Wastewater testing is a longstanding method of detecting community pathogen spread. The COVID-19 pandemic and the rise of other, more complex pathogens have increased the use of this testing. Particularly, public health entities have used next-generation sequencing to monitor the spread and evolution of SARS-CoV-2 and monkeypox. When implemented correctly, it is an effective way to detect community spread early in symptomatic and asymptomatic people, without relying on individual diagnostic testing.
Implementing this technology for public health purposes involves many challenges, including:
- Budget constraints of local health organizations
- Expert analysis required to interpret results
- Non-standard sampling practices
- Limited RNA content and a mixture of genetic material in samples
IDT and Psomagen worked with University of Nebraska Medical Center Professor Mike Wiley, Ph.D., to verify an assay for viral wastewater surveillance that would mitigate these issues. They developed a novel amplicon panel with overlapping primers. This design helps with novel variant detection when mutations would otherwise cause primer dropout.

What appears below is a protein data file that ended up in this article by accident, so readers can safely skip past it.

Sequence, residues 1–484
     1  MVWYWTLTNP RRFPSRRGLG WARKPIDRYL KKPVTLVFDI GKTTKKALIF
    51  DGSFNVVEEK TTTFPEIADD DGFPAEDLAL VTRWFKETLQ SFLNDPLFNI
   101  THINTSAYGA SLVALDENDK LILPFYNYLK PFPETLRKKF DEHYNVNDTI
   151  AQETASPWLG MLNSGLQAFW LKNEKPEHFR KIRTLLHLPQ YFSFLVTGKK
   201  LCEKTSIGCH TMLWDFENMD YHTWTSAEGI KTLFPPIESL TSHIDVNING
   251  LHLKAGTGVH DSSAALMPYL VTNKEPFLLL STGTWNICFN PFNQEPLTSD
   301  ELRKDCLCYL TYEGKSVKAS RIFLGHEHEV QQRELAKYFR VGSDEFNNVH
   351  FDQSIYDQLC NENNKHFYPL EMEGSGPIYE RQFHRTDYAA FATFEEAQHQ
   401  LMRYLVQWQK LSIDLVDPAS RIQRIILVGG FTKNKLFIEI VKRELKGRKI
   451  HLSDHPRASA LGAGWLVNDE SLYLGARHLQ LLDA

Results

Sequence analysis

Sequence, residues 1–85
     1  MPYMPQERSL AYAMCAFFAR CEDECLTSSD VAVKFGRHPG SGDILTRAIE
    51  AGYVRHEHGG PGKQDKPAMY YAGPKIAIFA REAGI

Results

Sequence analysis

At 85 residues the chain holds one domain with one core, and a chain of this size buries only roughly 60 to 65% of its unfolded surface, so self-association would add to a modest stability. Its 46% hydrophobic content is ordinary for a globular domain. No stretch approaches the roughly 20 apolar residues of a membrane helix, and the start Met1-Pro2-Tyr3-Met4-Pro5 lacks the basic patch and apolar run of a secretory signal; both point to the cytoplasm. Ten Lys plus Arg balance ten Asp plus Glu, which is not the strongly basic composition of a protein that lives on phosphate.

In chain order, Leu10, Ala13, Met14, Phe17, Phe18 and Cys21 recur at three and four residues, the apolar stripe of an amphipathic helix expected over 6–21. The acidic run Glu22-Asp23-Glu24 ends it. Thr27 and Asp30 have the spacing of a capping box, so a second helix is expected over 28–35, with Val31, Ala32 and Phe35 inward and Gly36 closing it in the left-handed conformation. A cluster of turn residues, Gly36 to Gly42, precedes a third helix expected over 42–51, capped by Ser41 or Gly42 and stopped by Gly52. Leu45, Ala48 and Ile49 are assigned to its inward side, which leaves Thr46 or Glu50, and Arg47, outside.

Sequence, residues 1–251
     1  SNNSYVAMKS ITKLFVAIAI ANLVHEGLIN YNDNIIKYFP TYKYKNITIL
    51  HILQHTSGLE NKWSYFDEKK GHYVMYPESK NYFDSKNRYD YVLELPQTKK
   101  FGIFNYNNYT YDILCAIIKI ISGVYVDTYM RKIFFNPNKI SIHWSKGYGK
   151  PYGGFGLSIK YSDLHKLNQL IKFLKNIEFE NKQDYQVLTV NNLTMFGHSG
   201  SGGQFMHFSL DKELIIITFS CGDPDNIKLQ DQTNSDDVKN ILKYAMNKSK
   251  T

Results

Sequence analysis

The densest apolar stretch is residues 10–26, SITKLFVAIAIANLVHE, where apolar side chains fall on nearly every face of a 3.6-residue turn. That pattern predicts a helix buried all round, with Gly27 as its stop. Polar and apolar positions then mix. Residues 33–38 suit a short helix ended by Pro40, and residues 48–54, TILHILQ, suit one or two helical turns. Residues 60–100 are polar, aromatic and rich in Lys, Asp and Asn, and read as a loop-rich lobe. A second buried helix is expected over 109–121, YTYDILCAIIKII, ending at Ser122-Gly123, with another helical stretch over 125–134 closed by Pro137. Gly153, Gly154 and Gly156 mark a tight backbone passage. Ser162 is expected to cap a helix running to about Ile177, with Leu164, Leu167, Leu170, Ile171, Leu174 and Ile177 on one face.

Eight wastewater samples were used to test this new amplicon panel against the performance of two ARTIC primer sets. Total RNA was extracted from each of the wastewater samples to create NGS libraries using the amplicon panels, then sequenced using Illumina NGS technologies.
The xGen SARS-CoV-2 Amplicon Panel ultimately had higher base coverage and less variance across samples. The IDT design successfully confirmed lineage in 88% of samples, compared to 38% for each of the ARTIC primer sets. This solution provides a timely, cost-effective method of wastewater surveillance.
Psomagen is a member of the IDT Align Preferred Provider Program. The company is a CLIA-certified, CAP-accredited multiomics services provider. They have four locations in the United States and several worldwide under their parent company, Macrogen.
Integrated DNA Technologies (IDT) is a genomics company supporting life sciences research. They develop tools and solutions for academic and clinical research, agriculture, medical diagnostics, pharmaceuticals, and synthetic biology.
Mike Wiley, Ph.D. is an assistant professor at the University of Nebraska Medical Center. His research focuses on public health issues, particularly the use of next-generation sequencing technology for the detection of pathogens.